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Radiographic Summary

An abdominal aortic aneurysm (AAA) is a focal dilation of the aortic wall measuring greater than 1.5 times the normal diameter of the aorta. An aortic diameter of 3 cm at the level of the renal arteries meets the definition of an AAA. Most aneurysms produce little to no symptoms unless they rupture.

CT can accurately detect an AAA, mural thrombosis, aneurysmal leakage, and rupture. CT findings of a ruptured aneurysm include anterior displacement of the kidney, indistinct aortic wall, free intraperitoneal fluid, or a retroperitoneal hematoma in the presence of an aneurysm. Leakage and rupture of an AAA can be visualized without the use of IV contrast; however, contrast is necessary to delineate a patent aortic lumen from a mural thrombus and can provide anatomic information about the shape and location of the aneurysm. A normal aortic diameter on CT excludes the diagnosis of an AAA.

ED bedside ultrasonography is very accurate in establishing the presence of an AAA; however, it cannot reliably detect leakage or rupture. In a hemodynamically unstable patient, a ruptured AAA is presumed when it is visualized by ultrasonography.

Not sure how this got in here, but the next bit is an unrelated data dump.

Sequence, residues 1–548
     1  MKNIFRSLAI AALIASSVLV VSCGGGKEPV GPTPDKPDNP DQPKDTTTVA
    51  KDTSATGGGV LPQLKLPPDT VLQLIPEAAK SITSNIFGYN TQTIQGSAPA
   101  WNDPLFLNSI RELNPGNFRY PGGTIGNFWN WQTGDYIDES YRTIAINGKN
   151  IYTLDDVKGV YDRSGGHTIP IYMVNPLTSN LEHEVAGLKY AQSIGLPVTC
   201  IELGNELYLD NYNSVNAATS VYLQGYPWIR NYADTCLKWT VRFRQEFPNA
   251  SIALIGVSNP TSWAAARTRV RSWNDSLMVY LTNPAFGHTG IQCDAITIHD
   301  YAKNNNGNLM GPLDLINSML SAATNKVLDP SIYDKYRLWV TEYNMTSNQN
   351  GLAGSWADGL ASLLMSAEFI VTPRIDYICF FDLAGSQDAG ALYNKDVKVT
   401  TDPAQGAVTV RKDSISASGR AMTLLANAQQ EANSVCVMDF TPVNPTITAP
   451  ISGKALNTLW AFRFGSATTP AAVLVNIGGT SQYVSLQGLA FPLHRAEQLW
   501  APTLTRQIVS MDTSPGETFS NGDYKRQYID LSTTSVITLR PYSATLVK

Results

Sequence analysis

Clinical Implications

An asymptomatic aneurysm may be detected during the evaluation of an unrelated medical problem, and can be followed closely as an outpatient. A leaking or ruptured AAA is a true emergency. Clinically stable patients should undergo CT scanning with IV contrast. If the patient is unstable, a bedside ultrasound can be obtained to determine if an aneurysm is present.


  1. When performing bedside ultrasonography be careful to measure the aortic diameter from outer wall to outer wall. If the aneurysm contains a thrombus, take care not to mistake the edge of the thrombus for the aortic wall. Measuring the inner rim of the thrombus will result in a smaller measurement and may lead to the incorrect conclusion that an aneurysm is not present.

  2. Aneurysms measuring greater than 5 cm, or demonstrating an increase in size of greater than 1 cm over a period of 6 months are at increased risk of rupture.

Figure 7.1 ▪ Abdominal Aortic Aneurysm.

Atherosclerotic calcifications delineate the extensive abdominal aortic aneurysm on this plain radiographic image.

Figure 7.2 ▪ Abdominal Aortic Aneurysm.

A, B: Contrast-enhanced CTA demonstrates the extent of mural thrombus visible as low density (arrows) adjacent to the enhanced lumen of the vessel. The aneurysm extends throughout the suprarenal and infrarenal portions of the abdominal aorta. C, D: Transaxial and sagittal ultrasound images in the same ...

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